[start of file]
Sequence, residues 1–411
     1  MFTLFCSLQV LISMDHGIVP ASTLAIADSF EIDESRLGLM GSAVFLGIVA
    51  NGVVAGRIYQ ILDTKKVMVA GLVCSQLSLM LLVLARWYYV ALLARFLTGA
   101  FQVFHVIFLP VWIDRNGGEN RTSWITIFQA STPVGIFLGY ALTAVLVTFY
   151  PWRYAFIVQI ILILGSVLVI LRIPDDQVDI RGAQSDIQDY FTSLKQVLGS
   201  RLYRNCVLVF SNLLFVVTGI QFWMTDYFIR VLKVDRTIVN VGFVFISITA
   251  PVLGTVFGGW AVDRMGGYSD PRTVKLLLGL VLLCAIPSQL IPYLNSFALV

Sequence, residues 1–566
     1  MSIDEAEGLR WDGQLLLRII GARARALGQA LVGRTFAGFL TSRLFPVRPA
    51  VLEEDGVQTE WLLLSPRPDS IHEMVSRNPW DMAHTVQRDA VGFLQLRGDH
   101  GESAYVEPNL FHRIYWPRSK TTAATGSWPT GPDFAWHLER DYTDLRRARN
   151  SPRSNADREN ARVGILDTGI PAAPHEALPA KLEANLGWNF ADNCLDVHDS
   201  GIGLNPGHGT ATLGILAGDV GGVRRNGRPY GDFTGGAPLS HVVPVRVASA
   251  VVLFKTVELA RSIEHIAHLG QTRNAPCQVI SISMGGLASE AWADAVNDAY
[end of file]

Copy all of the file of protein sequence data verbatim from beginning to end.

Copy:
Sequence, residues 1–411
     1  MFTLFCSLQV LISMDHGIVP ASTLAIADSF EIDESRLGLM GSAVFLGIVA
    51  NGVVAGRIYQ ILDTKKVMVA GLVCSQLSLM LLVLARWYYV ALLARFLTGA
   101  FQVFHVIFLP VWIDRNGGEN RTSWITIFQA STPVGIFLGY ALTAVLVTFY
   151  PWRYAFIVQI ILILGSVLVI LRIPDDQVDI RGAQSDIQDY FTSLKQVLGS
   201  RLYRNCVLVF SNLLFVVTGI QFWMTDYFIR VLKVDRTIVN VGFVFISITA
   251  PVLGTVFGGW AVDRMGGYSD PRTVKLLLGL VLLCAIPSQL IPYLNSFALV

Sequence, residues 1–566
     1  MSIDEAEGLR WDGQLLLRII GARARALGQA LVGRTFAGFL TSRLFPVRPA
    51  VLEEDGVQTE WLLLSPRPDS IHEMVSRNPW DMAHTVQRDA VGFLQLRGDH
   101  GESAYVEPNL FHRIYWPRSK TTAATGSWPT GPDFAWHLER DYTDLRRARN
   151  SPRSNADREN ARVGILDTGI PAAPHEALPA KLEANLGWNF ADNCLDVHDS
   201  GIGLNPGHGT ATLGILAGDV GGVRRNGRPY GDFTGGAPLS HVVPVRVASA
   251  VVLFKTVELA RSIEHIAHLG QTRNAPCQVI SISMGGLASE AWADAVNDAY